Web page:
We understand completely the grieving that is taking place. Parishioners see the efforts of years of work to upgrade a church building or install indoor plumbing (not a luxury in our climate) disappear and the ensuing anxiety of both physical and spiritual changes.
Of course, we knew the changes were coming but it is like watching someone declining during a long illness; when the end comes it is still a shock.
Many rural people are concerned about greater distances to travel and uncertain weather or roads. This is a matter of good judgment; you do not subject yourself or your family to hazardous road or weather conditions.
I come from the horse and wagon generation; we did not go out in weather that presented danger . . . and we did not lose our faith.
On the subject of distance to travel, many city people will also suffer. They will need to use cars (finding a place to park), buses (coping with Sunday schedules), a longer distance to walk. Taxi fare will be out of the question for many.
All this will be the concern of individuals, families and the larger parishes.
I would like to say to the large parishes who will receive members from the small parishes, welcome your new members for they will be bringing new talent and skills to your faith community. Get them involved as soon as possible.
To the small parish members who will be joining a larger parish you have much to offer so let your light shine.
To all our brothers and sisters in Christ let us remember the motto: "Let there be peace and love and let it begin with me."
Art and Rita Morin
End times and merging parishes
The end of this era is imminent. Our Lord Jesus Christ promised us signs of events to take place before his Second Coming. When is the Catholic Church going to start teaching us about the terrible events that will take place during the Apocalypse? Or are we to assume Catholics will be immune from the suffering that will take place.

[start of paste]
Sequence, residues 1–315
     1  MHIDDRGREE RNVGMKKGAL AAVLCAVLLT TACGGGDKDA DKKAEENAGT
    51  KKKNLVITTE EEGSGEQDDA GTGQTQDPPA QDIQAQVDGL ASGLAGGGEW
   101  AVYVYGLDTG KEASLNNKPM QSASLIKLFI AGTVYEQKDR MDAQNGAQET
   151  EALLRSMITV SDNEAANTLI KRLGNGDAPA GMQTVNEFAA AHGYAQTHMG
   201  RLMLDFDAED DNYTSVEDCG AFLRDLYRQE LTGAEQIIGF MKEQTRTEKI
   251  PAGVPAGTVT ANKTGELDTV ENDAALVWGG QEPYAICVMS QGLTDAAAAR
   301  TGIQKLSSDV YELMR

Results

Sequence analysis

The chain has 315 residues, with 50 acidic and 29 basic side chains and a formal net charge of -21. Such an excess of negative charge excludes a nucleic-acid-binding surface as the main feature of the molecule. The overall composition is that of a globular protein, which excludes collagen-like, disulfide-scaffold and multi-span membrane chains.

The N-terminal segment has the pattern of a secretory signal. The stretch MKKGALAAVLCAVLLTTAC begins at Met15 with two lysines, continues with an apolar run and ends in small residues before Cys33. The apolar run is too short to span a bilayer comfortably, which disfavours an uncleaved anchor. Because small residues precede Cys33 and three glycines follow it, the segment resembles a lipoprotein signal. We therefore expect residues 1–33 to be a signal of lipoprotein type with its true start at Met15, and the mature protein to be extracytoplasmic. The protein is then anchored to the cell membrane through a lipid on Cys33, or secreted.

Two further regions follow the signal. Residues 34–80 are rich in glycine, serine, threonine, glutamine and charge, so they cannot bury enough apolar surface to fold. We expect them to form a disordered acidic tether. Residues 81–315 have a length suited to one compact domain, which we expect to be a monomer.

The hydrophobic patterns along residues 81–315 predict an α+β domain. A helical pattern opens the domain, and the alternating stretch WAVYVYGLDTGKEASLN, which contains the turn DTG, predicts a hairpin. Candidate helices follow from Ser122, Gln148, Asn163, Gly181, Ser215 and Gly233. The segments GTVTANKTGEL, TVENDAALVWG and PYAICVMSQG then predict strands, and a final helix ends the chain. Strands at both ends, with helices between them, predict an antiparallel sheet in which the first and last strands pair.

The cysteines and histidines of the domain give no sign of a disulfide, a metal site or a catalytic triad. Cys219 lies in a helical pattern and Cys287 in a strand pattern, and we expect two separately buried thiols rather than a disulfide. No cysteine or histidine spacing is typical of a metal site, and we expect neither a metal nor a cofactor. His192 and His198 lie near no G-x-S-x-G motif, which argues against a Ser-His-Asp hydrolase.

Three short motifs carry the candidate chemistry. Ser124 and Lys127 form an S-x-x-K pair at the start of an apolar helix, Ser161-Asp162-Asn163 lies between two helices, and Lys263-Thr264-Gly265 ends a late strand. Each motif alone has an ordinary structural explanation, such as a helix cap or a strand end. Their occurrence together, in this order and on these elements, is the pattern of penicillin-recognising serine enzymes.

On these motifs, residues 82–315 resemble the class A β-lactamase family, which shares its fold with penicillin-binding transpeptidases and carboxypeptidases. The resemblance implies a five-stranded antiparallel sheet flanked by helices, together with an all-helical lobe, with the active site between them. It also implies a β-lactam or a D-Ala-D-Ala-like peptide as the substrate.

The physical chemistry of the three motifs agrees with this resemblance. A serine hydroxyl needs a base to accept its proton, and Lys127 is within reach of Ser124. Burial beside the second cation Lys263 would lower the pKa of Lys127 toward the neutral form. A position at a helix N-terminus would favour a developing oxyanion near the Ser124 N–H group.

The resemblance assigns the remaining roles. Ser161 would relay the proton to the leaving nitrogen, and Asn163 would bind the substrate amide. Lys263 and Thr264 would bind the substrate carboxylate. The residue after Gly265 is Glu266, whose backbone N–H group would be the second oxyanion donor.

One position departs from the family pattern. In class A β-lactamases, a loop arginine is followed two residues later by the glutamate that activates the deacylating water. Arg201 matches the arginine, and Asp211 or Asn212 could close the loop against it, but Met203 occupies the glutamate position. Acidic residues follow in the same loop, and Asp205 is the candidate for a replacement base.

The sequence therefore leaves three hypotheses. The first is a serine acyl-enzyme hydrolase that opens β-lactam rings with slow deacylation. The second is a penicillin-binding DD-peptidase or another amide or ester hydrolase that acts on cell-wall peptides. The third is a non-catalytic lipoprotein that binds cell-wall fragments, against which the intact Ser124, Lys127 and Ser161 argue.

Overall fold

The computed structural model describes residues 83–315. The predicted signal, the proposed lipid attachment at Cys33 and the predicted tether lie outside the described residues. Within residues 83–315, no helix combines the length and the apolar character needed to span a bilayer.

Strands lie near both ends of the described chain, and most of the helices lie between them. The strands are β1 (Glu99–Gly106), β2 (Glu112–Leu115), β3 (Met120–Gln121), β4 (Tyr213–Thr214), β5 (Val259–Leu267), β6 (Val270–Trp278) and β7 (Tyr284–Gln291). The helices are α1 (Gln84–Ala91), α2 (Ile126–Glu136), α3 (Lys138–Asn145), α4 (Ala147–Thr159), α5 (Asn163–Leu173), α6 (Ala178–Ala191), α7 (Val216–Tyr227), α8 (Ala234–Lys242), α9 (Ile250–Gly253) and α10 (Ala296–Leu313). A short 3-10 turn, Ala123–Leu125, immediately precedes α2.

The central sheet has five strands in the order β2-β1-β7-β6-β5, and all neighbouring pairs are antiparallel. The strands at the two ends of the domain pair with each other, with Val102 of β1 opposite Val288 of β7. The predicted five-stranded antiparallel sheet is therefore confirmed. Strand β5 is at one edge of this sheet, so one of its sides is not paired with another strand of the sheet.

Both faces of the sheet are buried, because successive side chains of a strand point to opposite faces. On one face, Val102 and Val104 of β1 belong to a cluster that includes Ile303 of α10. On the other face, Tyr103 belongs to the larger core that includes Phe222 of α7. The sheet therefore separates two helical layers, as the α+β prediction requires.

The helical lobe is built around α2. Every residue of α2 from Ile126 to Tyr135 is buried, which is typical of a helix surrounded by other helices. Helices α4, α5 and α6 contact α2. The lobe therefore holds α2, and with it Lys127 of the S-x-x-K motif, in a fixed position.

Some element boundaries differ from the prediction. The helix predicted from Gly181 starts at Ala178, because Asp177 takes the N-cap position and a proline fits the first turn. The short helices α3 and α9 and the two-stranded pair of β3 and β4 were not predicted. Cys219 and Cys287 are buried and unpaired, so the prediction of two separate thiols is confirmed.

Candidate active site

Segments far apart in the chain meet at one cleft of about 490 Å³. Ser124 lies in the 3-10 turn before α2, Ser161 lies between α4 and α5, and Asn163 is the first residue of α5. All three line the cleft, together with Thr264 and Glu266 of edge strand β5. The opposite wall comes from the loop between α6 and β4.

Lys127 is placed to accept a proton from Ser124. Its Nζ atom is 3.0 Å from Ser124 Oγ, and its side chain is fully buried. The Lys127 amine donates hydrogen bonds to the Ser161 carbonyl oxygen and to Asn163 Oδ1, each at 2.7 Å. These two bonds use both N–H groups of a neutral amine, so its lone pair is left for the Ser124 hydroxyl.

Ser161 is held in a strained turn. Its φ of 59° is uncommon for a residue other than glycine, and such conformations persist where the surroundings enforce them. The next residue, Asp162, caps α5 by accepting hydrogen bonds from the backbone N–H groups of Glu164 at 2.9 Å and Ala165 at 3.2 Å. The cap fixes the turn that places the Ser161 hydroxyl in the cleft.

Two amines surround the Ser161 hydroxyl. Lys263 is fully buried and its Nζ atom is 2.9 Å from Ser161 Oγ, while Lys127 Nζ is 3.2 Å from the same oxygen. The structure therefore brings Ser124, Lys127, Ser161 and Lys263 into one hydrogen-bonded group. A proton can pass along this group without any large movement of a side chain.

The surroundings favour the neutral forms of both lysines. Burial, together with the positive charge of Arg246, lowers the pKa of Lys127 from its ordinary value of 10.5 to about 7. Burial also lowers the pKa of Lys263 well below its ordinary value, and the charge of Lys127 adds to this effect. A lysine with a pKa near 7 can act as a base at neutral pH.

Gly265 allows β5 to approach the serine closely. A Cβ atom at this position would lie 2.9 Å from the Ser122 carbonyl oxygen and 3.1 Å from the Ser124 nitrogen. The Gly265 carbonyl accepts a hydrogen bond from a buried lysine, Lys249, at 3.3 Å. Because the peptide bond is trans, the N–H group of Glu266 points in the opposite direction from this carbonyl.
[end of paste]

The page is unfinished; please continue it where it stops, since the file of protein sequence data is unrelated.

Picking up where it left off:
God is the only one who knows when this era will come to an end but is it right to keep our brothers and sisters in the dark of events to come. The early Church used to teach it.
I would like to touch on another subject - the merging of parishes. Have we become so much like Walmart that the Church is only here to serve big centres then pack up and leave. I understand there is a shortage of priests, but I believe our brothers who got the calling from God to teach his word should energize and move forward.
Jesus never said that it was going to be easy to serve in his Church. One could say that the cross gets very heavy at times. The archdiocese should re-think its decision.
Maybe the priests in the city should take the heavier workload since they don't have so far to travel.
Maybe we should be using new tactics to acquire priests, like the parishes taking more responsibility in the education of our young men who get the call to teach. Every parish could adopt a student and be held responsible for his financial needs.
Encourage teens to be altar servers
Re: "A lament for our lack of priests" (letters, Jan. 11). Please Father Gauthier help us encourage young people to the priesthood.
We have a duty to attract teenagers to the altar. The only lay ministers we see reading the word or helping with the Holy Communion are in the 39-to-62 plus bracket. Not that we want to discriminate against them.
But just a short time ago an altar boy who served more than four years could help with almost everything. Getting everything ready on the altar for the Holy Mass and whatever was needed for the Holy Mass.
Besides that they got the chalice with the host, turned pages for the priest, and in youth Masses the older altar boys and older teenage girls helped served the Blessed Sacrament.
But now the altar boys are lucky if they can light or blow out the candles.
How many acolytes will become priests?
We learned from Our Lord himself "Let the young ones come to me." What is going on?
Maybe those teenagers working and helping for Our Lord will be called themselves to be a priest.